Although she can’t recall an aha moment that launched her interest, Julia Burrows says she has been passionate about all things green and sustainable as long as she can remember.
Growing up in a military family allowed her to see much of the country at an early age. “Alabama, Florida, Wyoming, California — I witnessed what communities were doing well on the recycling front,” Burrows says. “For whatever reason my biggest concern became taking care of the earth through conservation.”
She took her passion to UC Davis where she majored in environmental planning and policy analysis. Within a year of graduation she landed a job in the planning department at the city of Roseville. That was 1988, and the South Placer community had a population of 28,000. Today, nearly 116,000 people live in Roseville.
“I had the opportunity to be involved in a lot of planning — a lot of development with a city department that was very energy- and conservation-minded,” she says. “Because the city had its own utility company, it was able to implement a solar-panel program back in 1997. We now have a million kilowatts of solar energy on the roofs of schools, homes and businesses. Today, Roseville has the lowest energy rates in the region.”
With Roseville, Burrows was also able to participate in several green programs including Valley Vision’s Capital Green Alliance and the Sacramento Metro Chamber’s Cap-to-Cap Green Team effort.
“As a team, it was our job to take the green advocacy message to Congress in hopes of finding stimulus money,” Burrows says of the annual Cap-to-Cap trek from Sacramento to Washington. “It was a particularly energetic trip this year as the green initiative is so in line with the priorities of both the Obama administration and Congresswoman Matsui.”
It was during this trip that Valley Vision CEO Bill Mueller engaged in a lengthy conversation with Burrows on the nonprofit’s green projects and involvements. Upon return from Washington, Mueller called Burrows and invited her to be one of two managing partners working exclusively on green and sustainable issues.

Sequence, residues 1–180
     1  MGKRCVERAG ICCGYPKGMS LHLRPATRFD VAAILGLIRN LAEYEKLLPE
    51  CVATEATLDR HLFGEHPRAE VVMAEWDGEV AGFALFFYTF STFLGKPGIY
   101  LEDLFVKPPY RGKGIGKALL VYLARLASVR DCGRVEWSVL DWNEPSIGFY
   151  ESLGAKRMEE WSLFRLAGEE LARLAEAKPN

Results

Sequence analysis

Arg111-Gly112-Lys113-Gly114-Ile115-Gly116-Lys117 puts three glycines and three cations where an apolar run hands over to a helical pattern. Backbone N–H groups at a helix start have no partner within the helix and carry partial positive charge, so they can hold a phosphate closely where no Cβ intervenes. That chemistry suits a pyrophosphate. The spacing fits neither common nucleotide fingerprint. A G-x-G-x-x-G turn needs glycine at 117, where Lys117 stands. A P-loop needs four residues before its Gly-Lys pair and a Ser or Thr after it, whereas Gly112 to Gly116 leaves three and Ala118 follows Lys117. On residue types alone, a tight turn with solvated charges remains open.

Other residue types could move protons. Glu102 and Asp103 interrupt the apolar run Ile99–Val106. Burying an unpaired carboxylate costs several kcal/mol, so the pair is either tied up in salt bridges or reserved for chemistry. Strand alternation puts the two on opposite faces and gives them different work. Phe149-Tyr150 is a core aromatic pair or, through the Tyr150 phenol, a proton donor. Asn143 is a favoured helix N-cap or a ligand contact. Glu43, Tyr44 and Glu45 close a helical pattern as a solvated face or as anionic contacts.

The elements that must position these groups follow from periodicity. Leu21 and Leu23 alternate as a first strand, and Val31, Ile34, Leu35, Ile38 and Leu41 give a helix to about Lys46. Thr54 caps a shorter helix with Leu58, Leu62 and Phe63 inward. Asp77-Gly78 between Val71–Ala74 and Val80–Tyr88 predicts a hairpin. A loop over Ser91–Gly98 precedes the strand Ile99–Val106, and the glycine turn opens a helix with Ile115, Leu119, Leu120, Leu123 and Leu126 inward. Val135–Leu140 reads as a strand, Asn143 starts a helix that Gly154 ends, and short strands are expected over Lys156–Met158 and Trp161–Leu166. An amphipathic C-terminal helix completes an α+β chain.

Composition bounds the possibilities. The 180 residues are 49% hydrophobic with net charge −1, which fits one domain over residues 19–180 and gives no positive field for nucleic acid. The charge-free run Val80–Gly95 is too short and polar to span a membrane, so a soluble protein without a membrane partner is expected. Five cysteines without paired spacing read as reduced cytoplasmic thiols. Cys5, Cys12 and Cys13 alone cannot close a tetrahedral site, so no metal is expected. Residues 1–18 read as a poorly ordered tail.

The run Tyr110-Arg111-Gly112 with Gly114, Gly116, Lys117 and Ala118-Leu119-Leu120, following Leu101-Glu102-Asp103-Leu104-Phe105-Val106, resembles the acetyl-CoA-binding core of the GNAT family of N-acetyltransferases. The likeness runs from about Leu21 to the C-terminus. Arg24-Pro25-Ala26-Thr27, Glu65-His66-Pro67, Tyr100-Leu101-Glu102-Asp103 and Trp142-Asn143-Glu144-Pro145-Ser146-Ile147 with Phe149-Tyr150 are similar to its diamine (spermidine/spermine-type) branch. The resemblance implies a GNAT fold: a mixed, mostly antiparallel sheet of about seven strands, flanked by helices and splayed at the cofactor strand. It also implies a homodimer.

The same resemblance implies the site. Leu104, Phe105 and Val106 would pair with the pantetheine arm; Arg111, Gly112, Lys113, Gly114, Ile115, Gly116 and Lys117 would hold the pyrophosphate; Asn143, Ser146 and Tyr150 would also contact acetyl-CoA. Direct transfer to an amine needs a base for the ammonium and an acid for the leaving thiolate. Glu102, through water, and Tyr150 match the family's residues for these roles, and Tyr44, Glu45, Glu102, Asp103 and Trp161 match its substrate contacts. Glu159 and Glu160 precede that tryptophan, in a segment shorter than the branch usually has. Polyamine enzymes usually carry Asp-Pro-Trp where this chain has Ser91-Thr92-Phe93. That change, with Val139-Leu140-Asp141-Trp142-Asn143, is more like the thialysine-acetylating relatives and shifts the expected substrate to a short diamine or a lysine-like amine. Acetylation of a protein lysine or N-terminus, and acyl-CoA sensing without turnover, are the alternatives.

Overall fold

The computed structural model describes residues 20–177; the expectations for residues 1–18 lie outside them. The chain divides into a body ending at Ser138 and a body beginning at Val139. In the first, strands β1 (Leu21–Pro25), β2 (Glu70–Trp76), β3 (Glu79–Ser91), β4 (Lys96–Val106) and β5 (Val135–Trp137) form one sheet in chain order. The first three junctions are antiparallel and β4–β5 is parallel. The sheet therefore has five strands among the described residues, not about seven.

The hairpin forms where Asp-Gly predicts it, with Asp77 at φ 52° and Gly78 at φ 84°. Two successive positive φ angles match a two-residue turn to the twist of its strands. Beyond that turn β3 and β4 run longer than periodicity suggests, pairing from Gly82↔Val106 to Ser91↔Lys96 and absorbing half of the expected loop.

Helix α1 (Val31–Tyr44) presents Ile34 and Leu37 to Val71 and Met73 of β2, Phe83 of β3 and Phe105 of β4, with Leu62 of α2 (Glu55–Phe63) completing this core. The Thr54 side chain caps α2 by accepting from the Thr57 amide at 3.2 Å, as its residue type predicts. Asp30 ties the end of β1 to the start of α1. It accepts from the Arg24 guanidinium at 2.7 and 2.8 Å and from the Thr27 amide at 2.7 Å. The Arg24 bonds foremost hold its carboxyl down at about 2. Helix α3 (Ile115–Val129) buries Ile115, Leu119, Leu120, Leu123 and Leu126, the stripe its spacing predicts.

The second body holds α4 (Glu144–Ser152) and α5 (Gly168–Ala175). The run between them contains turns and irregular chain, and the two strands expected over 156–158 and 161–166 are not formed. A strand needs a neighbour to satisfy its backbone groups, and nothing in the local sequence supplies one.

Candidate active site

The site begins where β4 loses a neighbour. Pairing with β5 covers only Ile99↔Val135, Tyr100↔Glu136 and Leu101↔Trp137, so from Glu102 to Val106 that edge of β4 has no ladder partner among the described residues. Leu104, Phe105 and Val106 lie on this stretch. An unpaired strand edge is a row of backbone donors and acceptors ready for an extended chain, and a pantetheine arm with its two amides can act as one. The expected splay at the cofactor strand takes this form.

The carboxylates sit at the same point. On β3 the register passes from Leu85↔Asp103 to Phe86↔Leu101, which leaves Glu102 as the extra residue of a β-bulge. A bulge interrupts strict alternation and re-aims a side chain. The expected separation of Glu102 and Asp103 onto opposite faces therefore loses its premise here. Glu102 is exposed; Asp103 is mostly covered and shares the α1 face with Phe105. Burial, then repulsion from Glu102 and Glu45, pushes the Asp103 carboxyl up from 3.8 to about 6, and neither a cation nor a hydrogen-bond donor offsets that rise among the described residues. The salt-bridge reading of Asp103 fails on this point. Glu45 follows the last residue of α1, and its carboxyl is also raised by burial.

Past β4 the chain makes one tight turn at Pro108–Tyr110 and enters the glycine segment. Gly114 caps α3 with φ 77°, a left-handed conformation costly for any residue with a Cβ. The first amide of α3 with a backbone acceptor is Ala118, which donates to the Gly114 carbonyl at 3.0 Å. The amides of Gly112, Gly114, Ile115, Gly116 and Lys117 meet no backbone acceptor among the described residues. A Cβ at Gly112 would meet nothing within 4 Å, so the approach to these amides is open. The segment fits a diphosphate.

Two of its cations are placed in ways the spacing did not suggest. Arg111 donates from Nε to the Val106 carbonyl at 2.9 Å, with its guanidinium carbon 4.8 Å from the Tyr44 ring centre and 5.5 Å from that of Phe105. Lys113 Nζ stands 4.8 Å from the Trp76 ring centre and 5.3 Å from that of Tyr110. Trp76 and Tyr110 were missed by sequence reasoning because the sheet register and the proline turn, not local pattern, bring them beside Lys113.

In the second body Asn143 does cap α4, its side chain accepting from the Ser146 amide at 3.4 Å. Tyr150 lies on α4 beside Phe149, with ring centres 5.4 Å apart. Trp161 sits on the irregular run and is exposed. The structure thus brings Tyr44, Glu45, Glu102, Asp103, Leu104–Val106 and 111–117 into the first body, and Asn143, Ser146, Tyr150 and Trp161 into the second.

“Because of my personal passion, it just seemed like a logical career move,” Burrows says. “I now have the opportunity to work with state policy makers, government and business on the green front. [It’s] my dream job.”
• Occupation: Burrows, 44, joined Valley Vision as a managing partner in May. She worked for the city of Roseville for 22 years, most recently as the deputy city manager and economic development manager. Her economic development efforts include a focus on sustainability at the local and regional levels. She has co-chaired the Sacramento Metro Chamber’s Clean Green Team delegation to Washington for the past four years.
• Personal: Burrows and her husband, Chris, live in the Woodcreek neighborhood of Roseville with their three children: Andrew, Austin and Brynne. Chris works in the planning department for Roseville. The Burrows are a soccer family; Julia helps coach her daughter’s team, and the boys play competitive soccer.
• More personal: Julia and Chris are both UC Davis graduates, but they met 22 years ago while working for Roseville. Julia also serves as board president for the St. Albans Country Day School and is secretary of the Placer Breast Cancer Endowment.
• Lunch: At Lucca in midtown Sacramento, Burrows enjoys the special of the day: pan-roasted swordfish with a broccoli rub and roasted golden potatoes.
Bill Mueller, 47, is CEO and managing partner at Valley Vision. One of four partners in the regional Next Economy initiative, Valley Vision serves as the project manager of the Capital Region’s latest economic development effort.
Sacramento loves regional planning. Take an issue — say, transportation or land use or coordination of local government — and a group will sprout to chart a course.